Commentary

November 27, 2013

Anatomy of a cylone; why California is safe

With the recent typhoon that devastated the Philippines, we print this article to calm the nerves of those who may be fearful of the same happening here and to educate others. Californians enjoy a relatively stable and predictable weather pattern most of the year. Although our major concern is earthquakes, we watch in awe and empathy when catastrophic events occur throughout the world, the most recent being typhoon Haiyan in the Philippines.

So, why don’t we have them here?

Typhoons and hurricanes are tropical cyclones, with the only difference being their locations on the earth. Those in the west Pacific are called typhoons while the storms in the Atlantic and east Pacific Ocean are called hurricanes.

Both storm systems are actually similar weather phenomena, although their strength may vary according to atmospheric conditions present and certain other factors related to their epicenters. Hurricanes and typhoons originate in the oceans from 10 to 30 degrees away from the equator.

The terms distinguish the different parts of the world in which they occur. Hurricane is used in the Atlantic, Caribbean Sea, central and northeast Pacific near the Gulf of Mexico and America. Typhoon is the name convention in the northwest Pacific, near Asia. The term cyclone is used for storms over the Indian Ocean and southwestern Pacific Ocean near Africa and Australia.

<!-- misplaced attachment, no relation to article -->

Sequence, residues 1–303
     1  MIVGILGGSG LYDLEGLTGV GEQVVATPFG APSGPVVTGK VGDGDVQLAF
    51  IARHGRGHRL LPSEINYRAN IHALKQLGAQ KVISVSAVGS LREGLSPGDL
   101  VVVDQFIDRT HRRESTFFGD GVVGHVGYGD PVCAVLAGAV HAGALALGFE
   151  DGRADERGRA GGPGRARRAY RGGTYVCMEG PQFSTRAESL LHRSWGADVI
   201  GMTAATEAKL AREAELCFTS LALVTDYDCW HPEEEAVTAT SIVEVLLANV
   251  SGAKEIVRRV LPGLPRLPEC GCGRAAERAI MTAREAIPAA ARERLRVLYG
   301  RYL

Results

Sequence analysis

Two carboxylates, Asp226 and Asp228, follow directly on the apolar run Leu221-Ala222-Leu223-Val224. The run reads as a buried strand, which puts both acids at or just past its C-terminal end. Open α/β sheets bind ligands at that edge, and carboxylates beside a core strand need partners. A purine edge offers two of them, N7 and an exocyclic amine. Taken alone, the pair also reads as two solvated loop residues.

Both typhoons and hurricanes rotate counterclockwise in the northern hemisphere and clockwise in the southern hemisphere. Typhoons are generally stronger than hurricanes because of warmer water in the western Pacific which creates better conditions for development of a storm. This unlimited amount of warm water also makes for increased frequency of typhoons. Even the wind intensity in a typhoon is stronger than that of a hurricane but they cause comparatively less damage or loss due to their location. Heavy winds, floods, storm surge, a lot of rain and tornadoes are characteristics of both.

The frequency of hurricanes may be about 10-15 per year while typhoons may occur 25-30 times a year. Hurricanes are found east of the International Date Line near the tropical zone, over warm waters in the Atlantic and Pacific Ocean. Typhoons occur in the northwest Pacific Ocean, west of the International Date Line.

Although typhoons may occur more often, hurricanes are more because they occur in the United States where the vast amount of destruction is caused to infrastructure and populated areas. Although they are capable of tremendous damage, destruction and loss of life, they do not pose a threat to California as the geographic, atmospheric and moisture conditions on the west coast are not conducive to these events.

California’s ocean waters are just too cold. Tropical cyclones usually require very warm water, at least 80 degrees Farenheit, extending to a depth of 50 meters. Waters off California rarely range between 62 and 75 degrees. The most we can expect in our area will be storm-like conditions with heavy rain and strong winds.

So, while we may dodge the bullet on hurricanes and typhoons, we must ensure we stay educated, prepared and vigilant to the dangers that exist in our own area and when the call comes, help those in need to the extent that we are able.




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